Experiment 2 was designed to support the paternal immune priming result of the first experiment. In experiment 2, the survival after challenge was much higher; the dose used was not as lethal as in the first experiment perhaps due to adaptation by the beetle populations in the meantime. Thus, we did not have enough power to find all interactions as in the previous experiment. To simplify the analysis for the central question of parental immune priming in the survival analysis, we therefore excluded animals that were not exposed to a challenge by bacteria from the analysis, and the two kinds of bacteria were combined into one general group of bacterial challenge. Besides, the same response variables and fixed factors as in experiment 1 were used.

Phenoloxidase measurements were Box-Cox-transformed (with PO = (PO0·2−1)/2·354) to reach normal distribution. Differences in phenoloxidase activity were thereafter analysed for every parental sex in a two-way anova taking priming and challenge as fixed factors. Effects of parental priming on antimicrobial activity were analysed in a two-way anova (fixed factors: maternal and paternal).

Developmental time until adult eclosion was analysed in a two-way anova with maternal and paternal priming as fixed factors. Reproduction of animals whose parents either had a maternal, a paternal priming or both, was analysed in a two-way anova (maternal and paternal priming as fixed factors).

Results

  1. Top of page
  2. Summary
  3. Introduction
  4. Materials and methods
  5. Results
  6. Discussion
  7. Authors’ contributions
  8. Acknowledgements
  9. References

Analysing the results with pair-wise comparisons using a proportional hazard test, we found no difference in offspring survival when comparing the two control treatments (Ringer vs. naïve) with each other, neither for parental priming controls, nor for offspring challenge controls in both experiments (χ2 tests, all P ≥ 0·5).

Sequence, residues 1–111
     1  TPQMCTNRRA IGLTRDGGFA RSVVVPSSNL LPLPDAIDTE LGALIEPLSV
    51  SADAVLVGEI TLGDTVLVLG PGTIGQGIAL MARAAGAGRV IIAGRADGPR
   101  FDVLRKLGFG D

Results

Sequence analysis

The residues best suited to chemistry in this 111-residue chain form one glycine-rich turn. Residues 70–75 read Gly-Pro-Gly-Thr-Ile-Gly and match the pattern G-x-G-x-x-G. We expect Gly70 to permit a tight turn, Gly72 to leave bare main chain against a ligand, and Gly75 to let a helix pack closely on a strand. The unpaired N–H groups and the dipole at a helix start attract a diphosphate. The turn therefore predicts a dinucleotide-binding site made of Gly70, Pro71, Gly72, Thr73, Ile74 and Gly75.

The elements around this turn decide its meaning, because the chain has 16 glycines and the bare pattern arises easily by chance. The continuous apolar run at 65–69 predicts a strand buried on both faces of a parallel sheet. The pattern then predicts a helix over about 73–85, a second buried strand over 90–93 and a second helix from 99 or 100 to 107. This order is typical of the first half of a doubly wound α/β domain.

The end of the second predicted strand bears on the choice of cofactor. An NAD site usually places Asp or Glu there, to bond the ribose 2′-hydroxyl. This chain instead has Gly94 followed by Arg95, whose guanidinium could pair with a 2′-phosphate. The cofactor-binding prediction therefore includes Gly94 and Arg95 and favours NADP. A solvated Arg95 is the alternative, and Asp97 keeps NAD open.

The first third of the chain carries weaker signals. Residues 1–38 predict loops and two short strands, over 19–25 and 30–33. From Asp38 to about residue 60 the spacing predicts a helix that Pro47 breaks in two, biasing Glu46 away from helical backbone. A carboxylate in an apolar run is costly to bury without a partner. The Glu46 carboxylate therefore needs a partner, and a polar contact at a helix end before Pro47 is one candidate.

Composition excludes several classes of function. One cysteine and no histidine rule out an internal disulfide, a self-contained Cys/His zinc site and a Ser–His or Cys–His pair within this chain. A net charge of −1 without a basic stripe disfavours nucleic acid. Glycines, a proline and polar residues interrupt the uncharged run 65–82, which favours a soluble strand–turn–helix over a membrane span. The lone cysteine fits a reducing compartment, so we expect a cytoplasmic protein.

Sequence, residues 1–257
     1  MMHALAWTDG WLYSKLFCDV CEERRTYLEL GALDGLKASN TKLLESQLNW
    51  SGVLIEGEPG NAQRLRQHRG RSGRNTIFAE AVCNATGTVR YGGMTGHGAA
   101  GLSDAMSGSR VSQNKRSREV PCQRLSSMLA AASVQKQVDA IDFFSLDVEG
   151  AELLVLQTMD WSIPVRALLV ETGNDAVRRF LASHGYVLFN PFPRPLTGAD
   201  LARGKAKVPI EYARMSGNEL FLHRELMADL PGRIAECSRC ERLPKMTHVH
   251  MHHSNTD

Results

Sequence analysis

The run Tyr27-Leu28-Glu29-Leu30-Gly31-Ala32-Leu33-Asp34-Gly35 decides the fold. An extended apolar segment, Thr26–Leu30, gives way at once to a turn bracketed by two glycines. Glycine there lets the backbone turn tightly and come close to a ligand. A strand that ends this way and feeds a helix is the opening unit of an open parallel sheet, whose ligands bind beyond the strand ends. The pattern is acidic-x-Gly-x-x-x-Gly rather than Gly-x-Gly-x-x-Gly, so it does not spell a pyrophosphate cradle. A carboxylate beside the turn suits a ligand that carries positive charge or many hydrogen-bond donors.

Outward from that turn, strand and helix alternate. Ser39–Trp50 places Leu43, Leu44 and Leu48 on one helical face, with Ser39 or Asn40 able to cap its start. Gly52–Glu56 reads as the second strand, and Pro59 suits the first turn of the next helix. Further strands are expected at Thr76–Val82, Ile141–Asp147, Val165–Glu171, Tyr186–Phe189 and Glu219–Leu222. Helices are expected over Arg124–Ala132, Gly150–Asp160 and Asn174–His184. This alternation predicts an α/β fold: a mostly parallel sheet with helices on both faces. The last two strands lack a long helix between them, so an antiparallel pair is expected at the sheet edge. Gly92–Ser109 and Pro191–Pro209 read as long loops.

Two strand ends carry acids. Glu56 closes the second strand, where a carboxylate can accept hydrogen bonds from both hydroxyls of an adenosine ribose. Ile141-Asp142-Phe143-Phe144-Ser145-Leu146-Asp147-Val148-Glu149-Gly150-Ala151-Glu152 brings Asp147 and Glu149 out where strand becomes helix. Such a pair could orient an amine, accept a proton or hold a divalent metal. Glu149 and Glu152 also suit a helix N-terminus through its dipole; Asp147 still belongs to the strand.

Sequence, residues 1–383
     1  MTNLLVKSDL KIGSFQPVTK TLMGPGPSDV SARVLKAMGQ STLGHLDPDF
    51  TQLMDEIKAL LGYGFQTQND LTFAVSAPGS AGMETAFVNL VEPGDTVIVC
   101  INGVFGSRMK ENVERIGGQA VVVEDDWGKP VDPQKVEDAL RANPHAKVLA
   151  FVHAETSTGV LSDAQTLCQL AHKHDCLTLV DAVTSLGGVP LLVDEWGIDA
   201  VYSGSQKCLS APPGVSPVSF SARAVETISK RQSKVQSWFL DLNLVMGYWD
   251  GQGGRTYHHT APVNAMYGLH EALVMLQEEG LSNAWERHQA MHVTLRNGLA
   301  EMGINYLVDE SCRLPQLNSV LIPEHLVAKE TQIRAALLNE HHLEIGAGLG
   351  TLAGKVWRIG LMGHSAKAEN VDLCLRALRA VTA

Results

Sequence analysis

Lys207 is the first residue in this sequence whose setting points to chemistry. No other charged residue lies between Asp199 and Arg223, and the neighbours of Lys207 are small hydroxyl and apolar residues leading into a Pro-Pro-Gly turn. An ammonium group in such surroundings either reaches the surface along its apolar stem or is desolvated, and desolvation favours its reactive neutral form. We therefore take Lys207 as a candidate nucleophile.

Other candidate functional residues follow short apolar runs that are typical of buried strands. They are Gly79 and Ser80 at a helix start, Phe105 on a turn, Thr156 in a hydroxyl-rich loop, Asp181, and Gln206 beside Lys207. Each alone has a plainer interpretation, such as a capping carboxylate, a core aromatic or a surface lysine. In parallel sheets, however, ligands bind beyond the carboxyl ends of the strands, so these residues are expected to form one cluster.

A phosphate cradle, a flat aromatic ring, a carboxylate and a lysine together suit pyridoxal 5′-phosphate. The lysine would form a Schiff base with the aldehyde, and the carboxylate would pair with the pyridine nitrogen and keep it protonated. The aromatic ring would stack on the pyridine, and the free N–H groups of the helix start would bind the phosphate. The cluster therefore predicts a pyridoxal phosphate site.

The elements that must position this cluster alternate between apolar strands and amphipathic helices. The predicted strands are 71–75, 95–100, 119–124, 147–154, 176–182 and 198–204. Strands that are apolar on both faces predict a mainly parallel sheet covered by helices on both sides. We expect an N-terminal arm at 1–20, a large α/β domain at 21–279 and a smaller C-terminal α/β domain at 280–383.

For this reason, we pooled Ringer and naïve treatments as controls for further analyses.

Experiment 1 – survival

Both models indicate that priming (parental exposure to bacteria vs. control) and challenge (offspring exposure to bacteria vs. control) had a significant effect on the survival of our animals (Table 1). Whereas a bacterial challenge decreased the survival, parental priming by bacteria was advantageous for the survival of the offspring (Fig. 1). The significant ‘priming × challenge’ interaction further suggests that the effect of trans-generational immune priming was dependent on the combination of bacteria used for priming (B. thurinigiensis or E. coli) and challenge. Offspring that were exposed to the same bacteria as their parents survived longer, indicating that parental immune priming is specific for the bacterial species. The absence of a significant sex main effect points out that trans-generational immune priming was consistent for maternal and paternal priming.

Table 1.   Statistics of experiment 1. Effects of (fixed) factors sex (mother, father), parental priming (Bacillus thuringiensis, Escherichia coli, control) and challenge (B. thuringiensis, E coli, control) on post-challenge offspring survival in days (a, proportional hazard test) and the chances of being alive at the end of the experiment (b, generalized linear model). DF = degrees of freedom, *means P < 0.05
a) Proportional hazard test
FactorDFChi-squareP
Sex1 1·2090·271
Parental priming2 8·3230·016*
Sex × parental priming2 0·3410·843
Offspring challenge225·31<0·0001*
Sex × offspring challenge2 1·9040·386
Parental priming × offspring challenge411·900·018*